Discounts for Lack of Marketability—What are they and why are they needed?

Experienced business appraisers consider various factors when valuing a privately owned business, one of which is known as the discount for lack of marketability (DLOM).  This discount for lack of marketability represents a deduction from the value of an ownership interest to reflect the limited marketability, or ease of sale, of a privately owned business.

The value of a privately owned business is based on first projecting the expected future cash flows and then discounting these cash flows to the present value using a discount rate that reflects the risk of investing in the subject business. While we’ve detailed how these discount rates are determined in an earlier blog (5 Ingredients Used for Pricing a Business), it’s important to note that this calculation of the discount rate is based on data from publicly traded companies.  Once you apply this publicly traded-based discount rate to the subject company’s cash flows to determine the present value of the business, the resulting value represents what is termed as a publicly traded ‘level’ of value. 

However, investments in publicly traded companies can be sold/converted to cash within three business days.  Whereas, an investment in a privately owned business takes much longer to liquidate—often 9 to 12 months.  Therefore, this level of value (as though publicly traded) requires an additional discount to account for the fact that the privately owned investment cannot be liquidated in three days.

Determining the size of the DLOM requires consideration of several factors:  

  1. 1. Ability to determine when to sell:  Owners with a controlling equity interest (51% or more) can unilaterally decide to sell.  If they own 50% or less of the business (referred to as owning a minority interest), they must first get others to agree it is time to sell.   If unable to get such agreement, the ownership interest may be unsalable.  Therefore, if a controlling ownership interest is being valued, the discount will be smaller than if it is a minority ownership interest.
  2. 2. Inability to convert the investment to cash in 3 business days.  A savvy buyer knows that once the transaction has occurred, the investment owned is in a private company, not a publicly traded company.  When it is their turn to sell, they will experience the impact of not being able to sell their ownership interest in 3 days. Therefore, a discount is required to adjust from the ‘as publicly traded’ level of value to the privately held (closely held) level of value.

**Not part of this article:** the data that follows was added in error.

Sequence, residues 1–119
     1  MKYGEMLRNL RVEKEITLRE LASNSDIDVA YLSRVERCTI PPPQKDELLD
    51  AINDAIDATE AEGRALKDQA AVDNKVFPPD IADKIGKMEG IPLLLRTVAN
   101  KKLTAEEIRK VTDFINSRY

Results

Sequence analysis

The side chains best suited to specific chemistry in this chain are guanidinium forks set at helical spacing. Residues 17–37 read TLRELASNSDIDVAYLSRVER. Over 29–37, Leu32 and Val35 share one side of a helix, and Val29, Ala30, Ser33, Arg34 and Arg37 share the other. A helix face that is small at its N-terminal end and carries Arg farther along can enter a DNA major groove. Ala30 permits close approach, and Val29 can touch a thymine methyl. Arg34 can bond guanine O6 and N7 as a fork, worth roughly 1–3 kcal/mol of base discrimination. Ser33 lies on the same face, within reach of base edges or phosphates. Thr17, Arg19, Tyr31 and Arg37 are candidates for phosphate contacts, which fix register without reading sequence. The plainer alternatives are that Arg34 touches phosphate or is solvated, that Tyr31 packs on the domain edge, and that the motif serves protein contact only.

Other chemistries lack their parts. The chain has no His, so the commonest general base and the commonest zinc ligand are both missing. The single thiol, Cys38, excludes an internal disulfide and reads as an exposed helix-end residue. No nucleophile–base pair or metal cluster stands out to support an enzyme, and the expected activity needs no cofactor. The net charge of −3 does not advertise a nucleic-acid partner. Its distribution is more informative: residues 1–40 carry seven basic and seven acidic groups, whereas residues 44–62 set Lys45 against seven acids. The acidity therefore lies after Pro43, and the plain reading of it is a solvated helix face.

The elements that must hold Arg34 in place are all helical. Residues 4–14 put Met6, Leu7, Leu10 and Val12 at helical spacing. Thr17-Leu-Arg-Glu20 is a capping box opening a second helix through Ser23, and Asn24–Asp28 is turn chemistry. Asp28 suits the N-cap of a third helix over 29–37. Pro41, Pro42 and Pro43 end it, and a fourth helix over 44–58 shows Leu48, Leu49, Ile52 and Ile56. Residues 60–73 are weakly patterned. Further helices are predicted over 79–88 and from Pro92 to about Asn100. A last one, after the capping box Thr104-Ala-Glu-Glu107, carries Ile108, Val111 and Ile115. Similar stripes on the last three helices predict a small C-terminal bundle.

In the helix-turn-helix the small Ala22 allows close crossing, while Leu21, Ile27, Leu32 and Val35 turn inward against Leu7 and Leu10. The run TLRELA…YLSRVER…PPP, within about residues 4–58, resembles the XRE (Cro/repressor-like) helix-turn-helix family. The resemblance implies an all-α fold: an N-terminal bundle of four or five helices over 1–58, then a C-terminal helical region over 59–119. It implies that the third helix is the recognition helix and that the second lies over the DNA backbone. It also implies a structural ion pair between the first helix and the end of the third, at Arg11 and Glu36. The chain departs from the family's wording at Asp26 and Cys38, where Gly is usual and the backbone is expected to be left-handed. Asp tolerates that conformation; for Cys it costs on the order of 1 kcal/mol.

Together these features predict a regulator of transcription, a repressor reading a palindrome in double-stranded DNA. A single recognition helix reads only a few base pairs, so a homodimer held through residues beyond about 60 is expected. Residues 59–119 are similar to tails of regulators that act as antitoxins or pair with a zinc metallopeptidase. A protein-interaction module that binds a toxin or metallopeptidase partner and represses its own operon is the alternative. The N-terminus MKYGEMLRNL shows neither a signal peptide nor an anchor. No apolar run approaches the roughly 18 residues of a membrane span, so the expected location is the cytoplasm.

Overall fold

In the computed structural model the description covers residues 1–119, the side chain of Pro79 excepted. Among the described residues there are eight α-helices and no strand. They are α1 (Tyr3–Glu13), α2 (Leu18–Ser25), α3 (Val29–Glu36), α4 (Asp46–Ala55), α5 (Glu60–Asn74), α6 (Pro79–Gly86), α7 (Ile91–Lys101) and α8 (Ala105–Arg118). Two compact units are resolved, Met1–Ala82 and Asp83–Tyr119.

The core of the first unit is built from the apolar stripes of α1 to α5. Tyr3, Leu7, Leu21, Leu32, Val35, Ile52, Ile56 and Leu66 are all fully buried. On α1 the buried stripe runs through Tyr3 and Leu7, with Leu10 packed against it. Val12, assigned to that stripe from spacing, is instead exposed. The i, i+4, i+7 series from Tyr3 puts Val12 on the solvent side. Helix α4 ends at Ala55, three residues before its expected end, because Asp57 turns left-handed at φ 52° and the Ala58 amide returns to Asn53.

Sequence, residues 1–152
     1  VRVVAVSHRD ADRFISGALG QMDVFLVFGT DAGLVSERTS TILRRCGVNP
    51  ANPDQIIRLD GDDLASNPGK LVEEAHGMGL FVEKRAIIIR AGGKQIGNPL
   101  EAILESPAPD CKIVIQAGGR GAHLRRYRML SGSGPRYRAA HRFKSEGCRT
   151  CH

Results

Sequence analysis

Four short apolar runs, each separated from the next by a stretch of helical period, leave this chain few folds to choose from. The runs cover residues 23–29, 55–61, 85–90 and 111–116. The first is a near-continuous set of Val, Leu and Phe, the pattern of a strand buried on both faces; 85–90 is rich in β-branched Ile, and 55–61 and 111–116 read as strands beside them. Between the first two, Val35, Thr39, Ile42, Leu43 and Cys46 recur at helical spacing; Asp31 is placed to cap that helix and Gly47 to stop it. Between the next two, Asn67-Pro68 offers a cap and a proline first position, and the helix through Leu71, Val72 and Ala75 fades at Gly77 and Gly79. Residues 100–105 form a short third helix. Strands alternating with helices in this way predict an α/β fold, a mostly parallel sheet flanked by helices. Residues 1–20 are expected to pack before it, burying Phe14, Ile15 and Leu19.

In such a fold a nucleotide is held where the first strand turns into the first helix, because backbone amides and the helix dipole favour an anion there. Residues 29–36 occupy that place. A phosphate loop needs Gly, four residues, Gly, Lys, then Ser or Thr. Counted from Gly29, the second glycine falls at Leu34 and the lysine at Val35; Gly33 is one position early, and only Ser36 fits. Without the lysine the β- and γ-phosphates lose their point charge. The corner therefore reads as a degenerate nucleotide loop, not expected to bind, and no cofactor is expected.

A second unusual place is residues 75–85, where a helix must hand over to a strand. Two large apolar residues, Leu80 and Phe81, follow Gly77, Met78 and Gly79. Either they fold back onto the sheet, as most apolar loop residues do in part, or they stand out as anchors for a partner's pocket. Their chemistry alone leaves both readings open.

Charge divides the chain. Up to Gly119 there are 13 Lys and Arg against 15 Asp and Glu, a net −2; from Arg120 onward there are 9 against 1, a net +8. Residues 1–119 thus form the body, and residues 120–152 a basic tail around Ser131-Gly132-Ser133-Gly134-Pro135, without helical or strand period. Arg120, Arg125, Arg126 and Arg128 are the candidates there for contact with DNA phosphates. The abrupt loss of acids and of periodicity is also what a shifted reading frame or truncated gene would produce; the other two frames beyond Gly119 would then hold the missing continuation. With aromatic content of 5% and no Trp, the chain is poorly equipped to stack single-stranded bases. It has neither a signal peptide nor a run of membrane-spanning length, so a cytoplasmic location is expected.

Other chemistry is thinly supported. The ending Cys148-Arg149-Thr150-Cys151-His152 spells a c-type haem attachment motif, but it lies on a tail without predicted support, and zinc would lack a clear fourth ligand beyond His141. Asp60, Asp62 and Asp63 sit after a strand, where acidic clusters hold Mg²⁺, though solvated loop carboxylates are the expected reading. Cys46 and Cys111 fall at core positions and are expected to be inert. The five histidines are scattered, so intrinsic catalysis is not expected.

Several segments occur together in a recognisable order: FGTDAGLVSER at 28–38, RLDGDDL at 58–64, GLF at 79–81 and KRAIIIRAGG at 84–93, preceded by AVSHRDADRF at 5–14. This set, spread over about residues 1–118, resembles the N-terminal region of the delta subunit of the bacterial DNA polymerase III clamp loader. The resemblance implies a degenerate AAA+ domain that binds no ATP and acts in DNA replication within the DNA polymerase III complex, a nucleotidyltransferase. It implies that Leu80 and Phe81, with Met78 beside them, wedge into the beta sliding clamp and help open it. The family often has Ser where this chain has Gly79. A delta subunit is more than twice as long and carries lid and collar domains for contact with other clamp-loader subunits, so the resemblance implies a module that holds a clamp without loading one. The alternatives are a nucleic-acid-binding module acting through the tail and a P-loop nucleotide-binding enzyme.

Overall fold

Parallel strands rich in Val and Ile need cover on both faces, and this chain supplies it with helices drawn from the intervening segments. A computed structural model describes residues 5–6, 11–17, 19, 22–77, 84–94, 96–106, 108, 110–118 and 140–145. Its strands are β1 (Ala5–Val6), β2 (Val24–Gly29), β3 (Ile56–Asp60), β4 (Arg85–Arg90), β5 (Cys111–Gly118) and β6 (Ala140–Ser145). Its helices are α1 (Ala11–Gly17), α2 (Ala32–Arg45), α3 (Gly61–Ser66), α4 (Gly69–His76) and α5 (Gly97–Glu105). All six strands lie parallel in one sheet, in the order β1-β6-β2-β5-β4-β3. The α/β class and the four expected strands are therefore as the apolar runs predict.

3. 3. Existing legal agreements between owners.  Agreements between owners can affect the transferability of ownership interests, particularly in businesses with multiple owners.  These agreements need to be considered as to the stated enhancements or restrictions upon transfer, in order to calculate the size of the discount for lack of marketability. 

Ignoring the DLOM when valuing a business using an earnings multiple can lead to significant discrepancies in the perceived value between buyers and sellers, hindering or ending negotiations.  Both buyer and seller need to be cognizant of why and how this discount applies. 


When determining the fair market value of a privately owned business, it is critical to ensure that the valuation considers the difference in the characteristics of owning a publicly traded investment as compared to a privately owned investment.  Applying an appropriate DLOM based on the characteristics of the business and the subject equity interest ensures that both buyers and sellers have a realistic understanding of the business’s worth.

If you would like to discuss a specific business situation please reach out to us through our Contact page or call us at 608-257-2757 and one of us would be happy to talk with you.

View Recent Topics